Instead of a math book with an endless number of identical problems and the answers in the back of the book, Stevenson teachers can design problems that will challenge students to thoughtfully consider equations as well as their solutions. In history class, students are asked to share what “the facts” mean and why they are important. In English class, teachers want to know which books students have already read, and which ones they want to read. Stevenson’s students are inspired to go to school because they are comfortable challenging themselves with the unknown. The collective quest for more understanding is what makes class at Stevenson’s Carmel Campus captivating and keeps everyone immersed in learning.
For additional information about the Carmel Campus, visit the following link: http://www.stevensonschool.org/academics/carmel/excellence/harkness_teaching_method/index.aspx
* See hand-out of Constructive Conversation Prompt and Response Starters used in a Harkness Seminar.
* Activity: Practice Harkness/Socratic Circle– Click on link- copy
III. Shared Inquiry
Shared Inquiry requires students to perform three basic tasks, which promotes richer thinking through reading, discussion, and writing. These three tasks include: re-reading, questioning, and collaboration. Although all types of questions are encouraged within Shared Inquiry, interpretive questioning propels discussion, as there is always more than one answer, which can be supported with evidence from the text. Interpretive questions drive Share Inquiry discussion, as students are encouraged to generate their own ideas, cite evidence to support those ideas, and respond to each other through extended questioning based on their own curiosity.
Shared Inquiry Discussions foster:
1. Close Reading– Before discussion, students read the selection twice, examining the text more closely the second time. Students are encouraged to annotate as they respond to the text with questions such as, “What surprised you?”….. and “What did you find interesting? Once discussion begins, students are required to cite and explain details in support of their ideas.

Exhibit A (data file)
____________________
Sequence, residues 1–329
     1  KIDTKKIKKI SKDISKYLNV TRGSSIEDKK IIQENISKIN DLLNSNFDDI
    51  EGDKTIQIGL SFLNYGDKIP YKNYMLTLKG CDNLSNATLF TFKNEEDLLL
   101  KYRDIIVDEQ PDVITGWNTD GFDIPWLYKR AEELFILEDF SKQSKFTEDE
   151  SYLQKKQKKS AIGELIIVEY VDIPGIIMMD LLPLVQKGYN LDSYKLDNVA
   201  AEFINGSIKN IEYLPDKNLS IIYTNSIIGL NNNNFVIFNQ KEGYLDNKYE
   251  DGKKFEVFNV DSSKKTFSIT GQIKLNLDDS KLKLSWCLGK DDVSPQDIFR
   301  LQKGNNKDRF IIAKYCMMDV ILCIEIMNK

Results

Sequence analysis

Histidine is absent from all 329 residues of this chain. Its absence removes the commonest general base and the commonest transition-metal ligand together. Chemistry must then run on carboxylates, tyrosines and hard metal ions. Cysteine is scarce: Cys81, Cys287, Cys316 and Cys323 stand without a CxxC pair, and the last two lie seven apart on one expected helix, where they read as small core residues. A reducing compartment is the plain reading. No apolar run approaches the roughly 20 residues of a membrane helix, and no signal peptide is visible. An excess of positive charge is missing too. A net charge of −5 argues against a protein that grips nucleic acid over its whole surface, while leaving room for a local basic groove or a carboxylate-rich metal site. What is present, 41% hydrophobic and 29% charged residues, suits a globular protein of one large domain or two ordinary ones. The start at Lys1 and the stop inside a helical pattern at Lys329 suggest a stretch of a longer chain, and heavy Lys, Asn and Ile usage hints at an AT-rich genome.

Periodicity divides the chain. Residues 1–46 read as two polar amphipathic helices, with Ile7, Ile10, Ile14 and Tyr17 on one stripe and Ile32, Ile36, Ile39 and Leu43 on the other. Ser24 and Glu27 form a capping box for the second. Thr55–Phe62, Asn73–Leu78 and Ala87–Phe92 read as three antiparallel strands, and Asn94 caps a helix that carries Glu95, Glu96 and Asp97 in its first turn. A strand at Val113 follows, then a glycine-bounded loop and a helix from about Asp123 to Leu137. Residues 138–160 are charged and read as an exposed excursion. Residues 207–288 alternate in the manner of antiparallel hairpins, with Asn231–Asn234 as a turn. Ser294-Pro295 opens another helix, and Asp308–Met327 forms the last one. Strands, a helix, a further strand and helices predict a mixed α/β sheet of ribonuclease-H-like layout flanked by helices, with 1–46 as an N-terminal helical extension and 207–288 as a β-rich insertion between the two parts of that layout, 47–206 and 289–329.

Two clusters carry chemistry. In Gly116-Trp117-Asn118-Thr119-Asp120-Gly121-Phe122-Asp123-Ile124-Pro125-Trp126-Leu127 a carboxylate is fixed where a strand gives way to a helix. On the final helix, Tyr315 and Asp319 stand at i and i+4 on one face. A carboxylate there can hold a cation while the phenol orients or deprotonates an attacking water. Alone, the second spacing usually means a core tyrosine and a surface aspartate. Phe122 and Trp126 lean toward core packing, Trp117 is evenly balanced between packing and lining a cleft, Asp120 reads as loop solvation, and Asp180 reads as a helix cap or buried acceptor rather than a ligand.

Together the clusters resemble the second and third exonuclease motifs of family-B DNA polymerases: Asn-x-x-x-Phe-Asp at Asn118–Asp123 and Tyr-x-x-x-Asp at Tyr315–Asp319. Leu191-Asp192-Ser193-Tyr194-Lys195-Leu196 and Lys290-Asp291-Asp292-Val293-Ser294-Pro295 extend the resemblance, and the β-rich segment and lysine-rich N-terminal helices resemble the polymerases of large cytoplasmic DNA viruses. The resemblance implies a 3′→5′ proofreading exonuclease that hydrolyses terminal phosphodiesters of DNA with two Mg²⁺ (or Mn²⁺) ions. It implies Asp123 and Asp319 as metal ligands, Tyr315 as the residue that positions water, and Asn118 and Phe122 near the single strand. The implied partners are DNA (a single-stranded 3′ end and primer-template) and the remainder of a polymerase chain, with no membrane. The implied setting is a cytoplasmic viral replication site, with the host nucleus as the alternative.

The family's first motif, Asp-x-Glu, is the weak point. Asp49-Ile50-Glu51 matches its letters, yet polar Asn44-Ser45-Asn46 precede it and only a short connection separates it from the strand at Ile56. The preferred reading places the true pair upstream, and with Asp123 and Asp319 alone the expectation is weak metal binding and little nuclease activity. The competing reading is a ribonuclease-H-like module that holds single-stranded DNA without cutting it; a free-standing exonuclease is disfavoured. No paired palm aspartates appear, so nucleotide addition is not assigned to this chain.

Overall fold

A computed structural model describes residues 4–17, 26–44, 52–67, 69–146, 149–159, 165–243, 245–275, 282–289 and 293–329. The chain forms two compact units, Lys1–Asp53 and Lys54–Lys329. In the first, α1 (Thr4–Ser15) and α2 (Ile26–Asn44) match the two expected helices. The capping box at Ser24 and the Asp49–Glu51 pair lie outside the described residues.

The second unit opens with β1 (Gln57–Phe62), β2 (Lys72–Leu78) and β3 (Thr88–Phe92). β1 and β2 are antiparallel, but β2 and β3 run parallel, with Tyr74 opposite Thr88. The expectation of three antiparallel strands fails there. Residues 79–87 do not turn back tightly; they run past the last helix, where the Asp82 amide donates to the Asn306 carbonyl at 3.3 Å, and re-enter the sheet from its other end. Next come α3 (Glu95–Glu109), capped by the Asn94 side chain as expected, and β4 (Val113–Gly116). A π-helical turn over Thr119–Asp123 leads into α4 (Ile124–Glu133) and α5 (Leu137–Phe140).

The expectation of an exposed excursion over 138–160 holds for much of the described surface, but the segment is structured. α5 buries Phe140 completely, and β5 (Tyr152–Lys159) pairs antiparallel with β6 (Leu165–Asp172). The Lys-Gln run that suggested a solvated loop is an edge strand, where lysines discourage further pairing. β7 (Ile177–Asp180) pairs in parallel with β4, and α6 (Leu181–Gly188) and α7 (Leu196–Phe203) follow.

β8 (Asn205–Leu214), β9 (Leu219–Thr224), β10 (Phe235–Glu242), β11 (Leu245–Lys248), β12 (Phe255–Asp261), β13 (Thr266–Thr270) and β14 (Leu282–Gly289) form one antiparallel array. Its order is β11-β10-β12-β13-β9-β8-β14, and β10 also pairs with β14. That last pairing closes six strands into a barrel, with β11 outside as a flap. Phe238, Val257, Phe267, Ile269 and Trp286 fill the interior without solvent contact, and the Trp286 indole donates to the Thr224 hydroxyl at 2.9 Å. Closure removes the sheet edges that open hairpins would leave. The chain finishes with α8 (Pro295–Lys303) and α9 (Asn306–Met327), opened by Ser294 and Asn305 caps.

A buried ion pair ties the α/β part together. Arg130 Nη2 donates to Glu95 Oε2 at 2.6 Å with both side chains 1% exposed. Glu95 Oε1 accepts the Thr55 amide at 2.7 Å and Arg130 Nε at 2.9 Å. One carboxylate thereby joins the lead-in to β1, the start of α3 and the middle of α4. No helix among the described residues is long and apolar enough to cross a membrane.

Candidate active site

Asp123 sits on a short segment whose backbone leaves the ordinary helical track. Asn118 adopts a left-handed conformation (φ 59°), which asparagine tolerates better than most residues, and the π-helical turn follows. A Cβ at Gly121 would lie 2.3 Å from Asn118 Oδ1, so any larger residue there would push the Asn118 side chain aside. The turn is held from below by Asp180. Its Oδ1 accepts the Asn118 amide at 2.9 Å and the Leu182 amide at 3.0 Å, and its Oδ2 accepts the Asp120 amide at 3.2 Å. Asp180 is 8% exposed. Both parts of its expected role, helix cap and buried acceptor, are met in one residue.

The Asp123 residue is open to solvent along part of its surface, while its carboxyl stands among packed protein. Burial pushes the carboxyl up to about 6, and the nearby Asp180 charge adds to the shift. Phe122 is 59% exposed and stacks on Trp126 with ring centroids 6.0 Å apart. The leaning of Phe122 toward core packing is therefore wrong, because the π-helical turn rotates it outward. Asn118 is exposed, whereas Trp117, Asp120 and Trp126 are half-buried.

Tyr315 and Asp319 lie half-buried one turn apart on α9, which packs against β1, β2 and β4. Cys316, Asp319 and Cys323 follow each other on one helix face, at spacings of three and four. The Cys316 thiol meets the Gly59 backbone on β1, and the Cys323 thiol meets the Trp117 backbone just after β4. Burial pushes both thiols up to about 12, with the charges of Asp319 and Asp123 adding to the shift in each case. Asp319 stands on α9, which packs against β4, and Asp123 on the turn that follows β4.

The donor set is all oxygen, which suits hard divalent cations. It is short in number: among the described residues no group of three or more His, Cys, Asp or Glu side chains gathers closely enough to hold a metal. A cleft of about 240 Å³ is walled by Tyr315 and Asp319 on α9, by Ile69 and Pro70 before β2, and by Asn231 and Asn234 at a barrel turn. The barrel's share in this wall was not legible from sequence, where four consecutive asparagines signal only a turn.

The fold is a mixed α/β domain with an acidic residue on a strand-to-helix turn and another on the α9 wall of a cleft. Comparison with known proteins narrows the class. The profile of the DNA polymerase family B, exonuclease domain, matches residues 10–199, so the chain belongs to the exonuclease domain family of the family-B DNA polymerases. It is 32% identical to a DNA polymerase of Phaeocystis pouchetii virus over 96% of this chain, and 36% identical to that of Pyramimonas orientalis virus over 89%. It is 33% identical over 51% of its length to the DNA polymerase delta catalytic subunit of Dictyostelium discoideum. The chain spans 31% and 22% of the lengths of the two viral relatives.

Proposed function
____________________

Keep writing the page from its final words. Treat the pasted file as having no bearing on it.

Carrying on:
2. Collaboration- Initially, I guided the students in discussion by posing questions based on the text. As the process has evolved during the past two weeks, students are now creating their own focus questions based on the text and their own curiosities. Additionally, students are challenging opposing ideas constructively through text-based evidence.
3. Reflective and Critical Thinking- Shared Inquiry is a process, which begins with a problem and moves to a solution through reflective and critical thinking. Students must compare and contrast opposing texts and judge whether the evidence provided is substantive. In addition, students are able to consider all ideas that have been brought to the table and interpret the evidence through their own logic and thinking. At the conclusion of the process, students explore and document their ideas, thinking, and evidence through the writing process.
Review: Shared Inquiry Sequence
* first reading
* sharing questions
* second reading
* shared inquiry discussion
* writing and curriculum connections
* Shared Inquiry- The Great Books Foundation
Sample Activity: Boar Out There – Open the Google Doc – copy
We will follow the Five Guidelines of Shared Inquiry:
1. Read the story twice before participating
2. Discuss only the story everyone has read
3. Support your ideas with evidence from the story
4. Listen to other participants and respond to them directly
5. Expect the leader to only ask questions